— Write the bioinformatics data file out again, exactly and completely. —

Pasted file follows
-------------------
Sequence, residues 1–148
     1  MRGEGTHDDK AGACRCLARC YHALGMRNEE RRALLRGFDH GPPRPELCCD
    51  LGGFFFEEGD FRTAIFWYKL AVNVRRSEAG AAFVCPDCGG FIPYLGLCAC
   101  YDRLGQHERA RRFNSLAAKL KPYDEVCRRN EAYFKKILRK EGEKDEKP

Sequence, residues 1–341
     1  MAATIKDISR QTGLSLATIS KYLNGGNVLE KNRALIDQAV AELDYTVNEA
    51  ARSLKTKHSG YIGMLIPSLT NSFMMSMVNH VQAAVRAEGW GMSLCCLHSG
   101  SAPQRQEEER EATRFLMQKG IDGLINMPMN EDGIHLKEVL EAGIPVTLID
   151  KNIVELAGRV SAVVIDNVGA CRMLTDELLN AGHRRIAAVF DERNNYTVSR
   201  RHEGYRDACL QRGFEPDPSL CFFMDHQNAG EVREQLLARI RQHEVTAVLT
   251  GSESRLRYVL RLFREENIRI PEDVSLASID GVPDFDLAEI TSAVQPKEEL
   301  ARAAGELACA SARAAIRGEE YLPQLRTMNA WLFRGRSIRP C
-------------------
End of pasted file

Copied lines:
Sequence, residues 1–148
     1  MRGEGTHDDK AGACRCLARC YHALGMRNEE RRALLRGFDH GPPRPELCCD
    51  LGGFFFEEGD FRTAIFWYKL AVNVRRSEAG AAFVCPDCGG FIPYLGLCAC
   101  YDRLGQHERA RRFNSLAAKL KPYDEVCRRN EAYFKKILRK EGEKDEKP

Sequence, residues 1–341
     1  MAATIKDISR QTGLSLATIS KYLNGGNVLE KNRALIDQAV AELDYTVNEA
    51  ARSLKTKHSG YIGMLIPSLT NSFMMSMVNH VQAAVRAEGW GMSLCCLHSG
   101  SAPQRQEEER EATRFLMQKG IDGLINMPMN EDGIHLKEVL EAGIPVTLID
   151  KNIVELAGRV SAVVIDNVGA CRMLTDELLN AGHRRIAAVF DERNNYTVSR
   201  RHEGYRDACL QRGFEPDPSL CFFMDHQNAG EVREQLLARI RQHEVTAVLT
   251  GSESRLRYVL RLFREENIRI PEDVSLASID GVPDFDLAEI TSAVQPKEEL
   301  ARAAGELACA SARAAIRGEE YLPQLRTMNA WLFRGRSIRP C